This really nice article from the Hartford Courant from a while back is about Dennis Lobo, father of Rebecca, UConn Women’s Basketball’s first transcendent star, a class act in every way, and a big, big name in our house. Granby High School has just named its track for him. Here’s a story:
In the fall of 1995, seven months or so after the University of Connecticut won that first championship, led by Rebecca, who was the national player-of-the-year, our daughter was a freshman cross-country runner for her high school. She was injured for a big invitational meet, but went along to lend moral support. It’s tedious to be at a meet and not be running. Her teammates were stretching, jogging the course, checking footing, and getting ready to race while she sat against a tree and tried to do a little homework. Eventually she noticed a bit of a flurry at some distance, a crowd gathering for no obvious reason. She wandered over and found … Rebecca Lobo, chatting with runners and signing autographs. Dennis Lobo, Rebecca’s cross-country coach father, had brought her along to the meet.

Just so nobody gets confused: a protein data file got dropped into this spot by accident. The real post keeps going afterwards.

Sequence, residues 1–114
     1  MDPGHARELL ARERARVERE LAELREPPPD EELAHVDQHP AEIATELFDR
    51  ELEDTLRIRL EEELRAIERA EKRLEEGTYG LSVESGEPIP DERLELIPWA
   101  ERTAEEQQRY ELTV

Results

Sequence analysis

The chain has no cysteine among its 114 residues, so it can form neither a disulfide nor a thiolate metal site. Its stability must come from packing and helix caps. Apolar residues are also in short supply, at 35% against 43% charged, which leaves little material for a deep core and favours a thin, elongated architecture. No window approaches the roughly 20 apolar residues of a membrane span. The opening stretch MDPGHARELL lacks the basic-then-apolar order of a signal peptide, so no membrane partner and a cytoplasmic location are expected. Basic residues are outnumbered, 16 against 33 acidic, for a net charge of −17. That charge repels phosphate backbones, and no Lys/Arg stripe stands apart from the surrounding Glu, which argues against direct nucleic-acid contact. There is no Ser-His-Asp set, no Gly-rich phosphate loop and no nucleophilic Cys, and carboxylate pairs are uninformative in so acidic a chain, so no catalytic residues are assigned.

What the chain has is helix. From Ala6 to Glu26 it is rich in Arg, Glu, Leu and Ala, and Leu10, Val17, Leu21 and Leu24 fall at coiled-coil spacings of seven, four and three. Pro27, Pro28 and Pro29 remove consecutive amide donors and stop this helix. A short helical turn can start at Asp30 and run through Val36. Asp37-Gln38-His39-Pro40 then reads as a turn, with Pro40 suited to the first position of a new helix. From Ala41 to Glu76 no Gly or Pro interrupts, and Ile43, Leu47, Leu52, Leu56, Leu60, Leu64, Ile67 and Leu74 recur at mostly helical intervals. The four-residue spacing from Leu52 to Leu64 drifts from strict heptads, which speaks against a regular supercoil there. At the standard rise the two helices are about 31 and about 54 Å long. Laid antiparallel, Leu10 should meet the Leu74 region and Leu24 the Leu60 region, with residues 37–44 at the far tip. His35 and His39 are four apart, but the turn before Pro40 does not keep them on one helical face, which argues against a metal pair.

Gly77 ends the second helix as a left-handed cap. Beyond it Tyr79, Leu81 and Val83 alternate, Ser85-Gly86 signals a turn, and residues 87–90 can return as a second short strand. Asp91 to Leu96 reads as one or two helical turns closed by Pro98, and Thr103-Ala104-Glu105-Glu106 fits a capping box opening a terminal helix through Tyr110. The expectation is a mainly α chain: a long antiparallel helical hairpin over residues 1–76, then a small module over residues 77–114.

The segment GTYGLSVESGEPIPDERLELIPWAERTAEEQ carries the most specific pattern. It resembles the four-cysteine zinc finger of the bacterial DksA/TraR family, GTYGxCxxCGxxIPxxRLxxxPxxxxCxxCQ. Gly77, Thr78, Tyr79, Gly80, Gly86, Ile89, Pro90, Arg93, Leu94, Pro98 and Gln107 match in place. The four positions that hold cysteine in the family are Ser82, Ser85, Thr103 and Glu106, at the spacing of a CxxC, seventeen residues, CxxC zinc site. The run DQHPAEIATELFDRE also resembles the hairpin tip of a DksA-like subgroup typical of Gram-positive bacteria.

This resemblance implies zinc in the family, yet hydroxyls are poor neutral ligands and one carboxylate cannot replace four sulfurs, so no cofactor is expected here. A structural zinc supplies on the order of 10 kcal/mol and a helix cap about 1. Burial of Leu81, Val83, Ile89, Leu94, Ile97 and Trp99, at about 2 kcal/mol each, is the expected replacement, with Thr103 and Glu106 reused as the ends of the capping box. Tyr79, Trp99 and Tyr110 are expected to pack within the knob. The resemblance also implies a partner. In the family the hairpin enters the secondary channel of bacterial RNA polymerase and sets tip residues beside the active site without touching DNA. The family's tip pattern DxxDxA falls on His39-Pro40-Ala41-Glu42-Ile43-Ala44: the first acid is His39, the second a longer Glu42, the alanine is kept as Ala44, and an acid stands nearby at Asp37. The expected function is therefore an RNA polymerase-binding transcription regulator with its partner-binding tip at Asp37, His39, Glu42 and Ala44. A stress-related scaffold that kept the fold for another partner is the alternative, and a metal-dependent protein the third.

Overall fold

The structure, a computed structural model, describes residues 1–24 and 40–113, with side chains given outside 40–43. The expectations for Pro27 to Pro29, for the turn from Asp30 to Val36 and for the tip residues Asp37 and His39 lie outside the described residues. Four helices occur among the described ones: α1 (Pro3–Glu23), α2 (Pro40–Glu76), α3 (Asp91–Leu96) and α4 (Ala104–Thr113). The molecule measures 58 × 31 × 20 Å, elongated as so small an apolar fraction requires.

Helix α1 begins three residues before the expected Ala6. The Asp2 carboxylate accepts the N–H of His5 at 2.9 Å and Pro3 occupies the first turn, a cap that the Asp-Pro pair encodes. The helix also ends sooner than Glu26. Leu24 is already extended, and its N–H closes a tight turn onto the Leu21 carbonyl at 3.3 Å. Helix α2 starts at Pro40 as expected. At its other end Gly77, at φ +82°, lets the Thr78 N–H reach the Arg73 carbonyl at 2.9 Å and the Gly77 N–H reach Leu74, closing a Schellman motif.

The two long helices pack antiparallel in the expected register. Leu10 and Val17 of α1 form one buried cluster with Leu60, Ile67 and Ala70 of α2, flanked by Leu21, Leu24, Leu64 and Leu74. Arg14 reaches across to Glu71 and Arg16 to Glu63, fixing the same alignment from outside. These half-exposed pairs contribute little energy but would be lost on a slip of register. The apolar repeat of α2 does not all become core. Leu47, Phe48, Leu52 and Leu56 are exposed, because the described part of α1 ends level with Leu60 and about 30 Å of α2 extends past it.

To H at age 14, Rebecca Lobo was a god-like figure, the peerless exemplar of everything she admired and wanted to be. When Rebecca turned to her and said hello, she was, literally, speechless. She tried to respond, but couldn’t talk. Awe struck her dumb. She remembers Rebecca trying to loosen her up, asking a few questions, making a few comments, but all she could do was nod or shake her head. She did get an autograph, and was able to gulp, “Thank you,” but that was it. Her chance to talk with her ideal, and she couldn’t unstick her tongue.
When she got home, she walked in the door, said to her mother, “Guess who I met at the meet?” and then burst into tears of intense emotion. As unlikely as it seemed, her mom knew immediately the only person who could have elicited this response. “Did you meet Rebecca?,” she asked.
And the story came out, amid tears, hugs, exclamations, and, eventually smiles and laughter.
These days H is pretty impressive herself. But I think if she ran into Rebecca today, she’d still be briefly speechless. What do you say to someone whose mere presence once stopped your tongue? Whose effort and character helped reinforce your own? Who has remained utterly admirable through triumph and hardship? Probably, another “Thank you” would be about right.